In 1863, the San Francisco and San Jose Rail Road had built the railroad from San Francisco to as far as Mayfield (now California Avenue station in Palo Alto) and started running trains to the area. [15] They named a nearby station "Menlo Park" after the sign. [10] The 1867 station building still stands on the platform of the current Caltrain station, used by the local Chamber of Commerce. It holds the record as the oldest, continually operating train station in California. [16] The town of Menlo Park grew up around this station, becoming a popular home for San Francisco businessmen. [10] A post office was established in 1870, and the city was incorporated in 1874 (it dissolved after two years, but later was permanently incorporated in 1927). [13] [17] The original arch, which gave its name to the stations and ultimately, the city, survived until 1922, when the original arch was destroyed in an automobile accident. [10] The origin of the name of Menlo Park, California (circa 1850) [14] antedates any work done by Thomas Edison (circa 1876) in Menlo Park, New Jersey; Menlo Park, New Jersey, was named after Menlo Park, California. [18]

In 1917-18, a large portion of Menlo Park was the site of Camp Fremont, a training camp for, at its height, 27,000 men being sent to fight in World War I. It did not last long (the camp was dismantled after the war), but army engineers paved the first streets in Menlo Park and laid the first water and gas lines. [19] [20] The army did retain the camp hospital, and it is now the site of a Veterans Administration Hospital off of Willow Road in Menlo Park. In the autumn of 1918, a flu pandemic hit Camp Fremont and killed 147. [21]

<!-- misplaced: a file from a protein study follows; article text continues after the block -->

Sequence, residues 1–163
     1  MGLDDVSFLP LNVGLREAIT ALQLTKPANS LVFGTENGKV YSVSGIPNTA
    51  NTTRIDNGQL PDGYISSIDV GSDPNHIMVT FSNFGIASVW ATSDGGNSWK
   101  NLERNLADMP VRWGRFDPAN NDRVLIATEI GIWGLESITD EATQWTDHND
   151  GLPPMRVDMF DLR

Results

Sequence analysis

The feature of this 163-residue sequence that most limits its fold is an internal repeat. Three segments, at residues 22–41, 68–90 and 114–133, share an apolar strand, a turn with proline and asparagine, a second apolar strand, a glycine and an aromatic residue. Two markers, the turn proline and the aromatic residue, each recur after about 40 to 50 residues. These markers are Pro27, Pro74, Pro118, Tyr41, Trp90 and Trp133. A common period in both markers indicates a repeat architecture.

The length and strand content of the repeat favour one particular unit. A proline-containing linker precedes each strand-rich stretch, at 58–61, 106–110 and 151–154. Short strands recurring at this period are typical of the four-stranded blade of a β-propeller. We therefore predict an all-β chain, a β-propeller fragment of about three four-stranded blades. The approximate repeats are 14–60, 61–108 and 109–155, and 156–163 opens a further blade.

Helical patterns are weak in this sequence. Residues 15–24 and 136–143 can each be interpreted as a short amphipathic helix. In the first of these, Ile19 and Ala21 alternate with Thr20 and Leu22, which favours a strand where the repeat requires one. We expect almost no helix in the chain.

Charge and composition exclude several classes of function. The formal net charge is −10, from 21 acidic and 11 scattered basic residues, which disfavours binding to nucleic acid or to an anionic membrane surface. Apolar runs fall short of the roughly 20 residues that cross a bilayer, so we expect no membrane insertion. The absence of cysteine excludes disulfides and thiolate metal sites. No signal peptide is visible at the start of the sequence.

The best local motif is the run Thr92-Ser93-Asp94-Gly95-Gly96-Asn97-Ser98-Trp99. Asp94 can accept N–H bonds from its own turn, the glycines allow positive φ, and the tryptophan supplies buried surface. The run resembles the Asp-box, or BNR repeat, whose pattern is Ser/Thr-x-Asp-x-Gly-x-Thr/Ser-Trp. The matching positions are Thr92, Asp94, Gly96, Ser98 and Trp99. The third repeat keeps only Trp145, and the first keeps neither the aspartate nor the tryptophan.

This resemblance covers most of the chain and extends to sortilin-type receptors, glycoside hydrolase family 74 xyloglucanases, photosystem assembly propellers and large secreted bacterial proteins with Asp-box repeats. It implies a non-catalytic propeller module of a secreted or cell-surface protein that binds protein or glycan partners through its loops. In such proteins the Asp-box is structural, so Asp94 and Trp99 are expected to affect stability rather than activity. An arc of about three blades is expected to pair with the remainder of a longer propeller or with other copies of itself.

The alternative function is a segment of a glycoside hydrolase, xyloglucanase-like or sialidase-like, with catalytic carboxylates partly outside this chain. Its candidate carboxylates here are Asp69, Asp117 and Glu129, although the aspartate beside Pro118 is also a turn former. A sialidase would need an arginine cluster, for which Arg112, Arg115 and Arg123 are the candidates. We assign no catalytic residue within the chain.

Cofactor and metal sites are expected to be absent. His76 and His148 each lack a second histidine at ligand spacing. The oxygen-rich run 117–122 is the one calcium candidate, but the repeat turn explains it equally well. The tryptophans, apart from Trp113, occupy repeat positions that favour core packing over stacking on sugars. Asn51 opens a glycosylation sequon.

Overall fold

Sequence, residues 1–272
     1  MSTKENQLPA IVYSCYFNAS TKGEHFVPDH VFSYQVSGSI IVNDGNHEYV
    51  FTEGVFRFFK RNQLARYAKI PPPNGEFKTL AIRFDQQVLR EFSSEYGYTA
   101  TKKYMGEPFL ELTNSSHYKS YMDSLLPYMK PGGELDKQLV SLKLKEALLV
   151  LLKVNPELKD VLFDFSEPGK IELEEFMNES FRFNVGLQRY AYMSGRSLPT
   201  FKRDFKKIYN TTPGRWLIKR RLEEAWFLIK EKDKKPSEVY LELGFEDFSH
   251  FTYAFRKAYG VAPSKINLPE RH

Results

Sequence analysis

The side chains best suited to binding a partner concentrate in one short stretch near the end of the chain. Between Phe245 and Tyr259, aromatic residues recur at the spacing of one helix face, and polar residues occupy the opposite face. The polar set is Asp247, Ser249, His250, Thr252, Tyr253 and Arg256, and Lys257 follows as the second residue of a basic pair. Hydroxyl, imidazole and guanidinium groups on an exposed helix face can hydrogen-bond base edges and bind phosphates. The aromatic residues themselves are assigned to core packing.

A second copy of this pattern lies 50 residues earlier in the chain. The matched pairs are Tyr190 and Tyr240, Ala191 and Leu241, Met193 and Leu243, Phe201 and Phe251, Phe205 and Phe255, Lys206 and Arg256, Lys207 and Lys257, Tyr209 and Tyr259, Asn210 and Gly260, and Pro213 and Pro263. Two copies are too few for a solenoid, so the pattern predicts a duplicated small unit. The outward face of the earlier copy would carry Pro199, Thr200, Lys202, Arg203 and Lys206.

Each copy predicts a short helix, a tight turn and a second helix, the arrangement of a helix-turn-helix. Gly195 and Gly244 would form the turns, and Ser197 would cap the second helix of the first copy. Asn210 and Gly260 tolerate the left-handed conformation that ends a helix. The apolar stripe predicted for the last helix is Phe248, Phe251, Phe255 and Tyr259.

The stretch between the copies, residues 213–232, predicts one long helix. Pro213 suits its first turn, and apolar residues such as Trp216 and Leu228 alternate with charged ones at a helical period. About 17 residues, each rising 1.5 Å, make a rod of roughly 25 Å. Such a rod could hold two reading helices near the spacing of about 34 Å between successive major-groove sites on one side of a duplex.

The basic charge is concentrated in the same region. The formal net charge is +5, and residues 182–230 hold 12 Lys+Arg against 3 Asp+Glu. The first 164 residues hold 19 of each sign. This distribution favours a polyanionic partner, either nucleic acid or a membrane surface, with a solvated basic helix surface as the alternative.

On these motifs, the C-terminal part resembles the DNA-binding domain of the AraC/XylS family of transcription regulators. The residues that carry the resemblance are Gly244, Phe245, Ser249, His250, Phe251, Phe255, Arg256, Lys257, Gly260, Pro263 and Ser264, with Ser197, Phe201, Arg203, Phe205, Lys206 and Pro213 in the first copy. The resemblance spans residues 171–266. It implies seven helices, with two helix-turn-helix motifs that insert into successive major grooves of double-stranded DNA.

At the start of World War II, the US government bought the 260-acre (110 ha) estate of Timothy Hopkins from his widow and created the Palo Alto General Hospital, later renamed the Dibble General Hospital (after Colonel John Dibble, who was killed in 1943). After the war ended, some of the land was sold to the city and became the sites of the main library and city hall. More of the land was bought by Stanford University to house the increase in students due to the G.I. Bill; the area was known as the "Stanford Village", which existed as student housing until the mid-1960s. This land also was the site of the Stanford Research Institute (now SRI International) starting in 1947; between 1955 and 1968, SRI bought the rest of the Stanford Village. [22] [23] [24]

In the 1960s, the former 600-acre (240 ha) estate of Frederick W. Sharon (18591914) (son of Senator William Sharon) and his wife, Louise Tevis Breckinridge Sharon (18581938; daughter of Lloyd Tevis and divorced wife of John Witherspoon Breckinridge), in the hills of south west Menlo Park was developed and called "Sharon Heights". [25] [26]

In 2015, the Menlo Park Historical Association (MPHA) began a project to raise funds for and build a replica of the original Menlo Park gates. The chosen site was at 800 Alma Street in front of the Menlo Park public library. The replica was completed in 2019. On March 17, 2019, Menlo Park Mayor Ray Mueller officially dedicated the reproduction of the Menlo Gates. [27] [28]